Hammerkop

Hammerkop, Zambia, Africa

Hammerkop, Zambia, Africa

I love this bird because it’s unique.  The unusual hammer shape of its head dictates it’s name, which translates to “hammerhead.”  They don’t flutter about, or squawk or even peep, and are not bright-colored or flashy.

 

Scopus umbretta can be found primarily in sub-Saharan Africa, we saw this one in Zambia.  Often seen wading in shallow water, they feed on amphibians, fish, shrimp, insects and rodents.

 

 

A wading bird at nearly two feet tall, they are defined as a “sedentary” bird because they do not move from area to area.  But they aren’t couch potatoes.  They are always hunting for prey, and probing with their bill (which has a slight hook on the end).  Non-migratory.  I’ve read that they have colorful nests and active courtship dances, but it’s not what you usually see as you’re bouncing along in the safari jeep.  This photo reflects what you usually see.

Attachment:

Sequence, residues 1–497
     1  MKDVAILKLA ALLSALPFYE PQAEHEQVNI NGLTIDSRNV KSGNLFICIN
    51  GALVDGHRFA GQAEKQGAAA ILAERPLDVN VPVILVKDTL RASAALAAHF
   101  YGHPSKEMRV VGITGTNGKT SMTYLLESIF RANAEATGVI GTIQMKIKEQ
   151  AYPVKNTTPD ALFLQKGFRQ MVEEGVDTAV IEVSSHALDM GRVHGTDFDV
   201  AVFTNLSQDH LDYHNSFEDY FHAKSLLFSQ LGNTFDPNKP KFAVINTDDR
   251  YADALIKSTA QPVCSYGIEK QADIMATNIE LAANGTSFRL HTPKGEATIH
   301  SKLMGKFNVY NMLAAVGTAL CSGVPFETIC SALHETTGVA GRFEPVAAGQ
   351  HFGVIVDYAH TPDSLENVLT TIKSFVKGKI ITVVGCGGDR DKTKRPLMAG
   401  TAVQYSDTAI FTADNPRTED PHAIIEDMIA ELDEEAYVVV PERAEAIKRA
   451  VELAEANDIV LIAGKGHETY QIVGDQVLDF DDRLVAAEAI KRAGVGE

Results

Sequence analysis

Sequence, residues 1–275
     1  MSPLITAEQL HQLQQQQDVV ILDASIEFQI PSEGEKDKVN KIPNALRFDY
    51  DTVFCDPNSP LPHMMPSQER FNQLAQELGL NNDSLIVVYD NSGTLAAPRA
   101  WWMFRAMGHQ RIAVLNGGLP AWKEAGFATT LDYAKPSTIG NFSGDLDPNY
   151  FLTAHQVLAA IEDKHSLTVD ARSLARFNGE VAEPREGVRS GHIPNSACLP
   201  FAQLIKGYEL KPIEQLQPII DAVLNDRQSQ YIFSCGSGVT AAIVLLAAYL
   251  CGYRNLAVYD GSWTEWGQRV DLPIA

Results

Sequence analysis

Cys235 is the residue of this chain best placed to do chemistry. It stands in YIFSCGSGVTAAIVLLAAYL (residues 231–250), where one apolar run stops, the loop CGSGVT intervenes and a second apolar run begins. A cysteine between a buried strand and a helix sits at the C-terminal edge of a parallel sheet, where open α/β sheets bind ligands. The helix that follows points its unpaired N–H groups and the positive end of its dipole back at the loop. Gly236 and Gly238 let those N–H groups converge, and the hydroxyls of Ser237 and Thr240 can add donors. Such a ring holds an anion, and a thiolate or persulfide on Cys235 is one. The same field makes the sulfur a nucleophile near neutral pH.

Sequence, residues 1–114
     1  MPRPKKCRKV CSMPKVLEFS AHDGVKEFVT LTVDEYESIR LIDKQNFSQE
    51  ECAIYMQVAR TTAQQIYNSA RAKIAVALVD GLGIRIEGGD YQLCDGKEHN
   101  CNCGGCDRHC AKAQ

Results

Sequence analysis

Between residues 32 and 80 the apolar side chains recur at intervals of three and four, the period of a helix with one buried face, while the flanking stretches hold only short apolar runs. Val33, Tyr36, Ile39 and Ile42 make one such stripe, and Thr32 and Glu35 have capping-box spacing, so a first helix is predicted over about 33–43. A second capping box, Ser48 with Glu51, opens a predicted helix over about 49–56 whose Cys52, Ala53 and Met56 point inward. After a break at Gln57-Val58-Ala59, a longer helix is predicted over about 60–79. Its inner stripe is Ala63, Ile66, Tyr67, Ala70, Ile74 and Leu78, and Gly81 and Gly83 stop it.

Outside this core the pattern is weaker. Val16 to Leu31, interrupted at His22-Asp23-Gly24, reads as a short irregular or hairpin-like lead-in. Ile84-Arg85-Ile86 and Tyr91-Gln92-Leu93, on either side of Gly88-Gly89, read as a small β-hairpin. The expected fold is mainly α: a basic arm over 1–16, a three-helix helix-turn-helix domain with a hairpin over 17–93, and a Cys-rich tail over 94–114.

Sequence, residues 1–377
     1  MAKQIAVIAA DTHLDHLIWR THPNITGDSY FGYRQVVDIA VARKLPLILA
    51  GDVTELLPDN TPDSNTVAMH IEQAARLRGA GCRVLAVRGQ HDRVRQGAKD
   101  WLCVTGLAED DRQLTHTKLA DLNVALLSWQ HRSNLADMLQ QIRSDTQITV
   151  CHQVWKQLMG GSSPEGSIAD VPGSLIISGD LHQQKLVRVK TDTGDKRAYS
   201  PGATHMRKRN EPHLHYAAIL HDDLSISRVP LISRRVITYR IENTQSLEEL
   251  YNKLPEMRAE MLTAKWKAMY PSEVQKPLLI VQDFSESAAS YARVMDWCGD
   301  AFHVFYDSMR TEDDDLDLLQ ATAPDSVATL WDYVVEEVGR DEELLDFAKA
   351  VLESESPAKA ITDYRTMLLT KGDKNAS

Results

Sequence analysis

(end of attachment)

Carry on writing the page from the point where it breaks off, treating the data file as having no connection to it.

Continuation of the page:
Their conservation status is “least concern” but in my experience they are not easy to find.  When we see one, we always ask the driver to stop.  I guess I just can’t get enough of them.

 

Photo credit:  Athena Alexander

Giraffe Eyes are Always Watching

Giraffe and Zebra, Africa

Giraffe and Zebra, Africa

Wherever you go on the African savannah, the giraffe always knows where you are.  Giraffes have height to protect from predators.  Zebras often stand in pairs, each one facing the opposite direction so they, too, have better coverage.  I guess in this case, the giraffe let the solo zebra know w’sup.  Or maybe they both just knew our jeep full of admirers wasn’t a threat.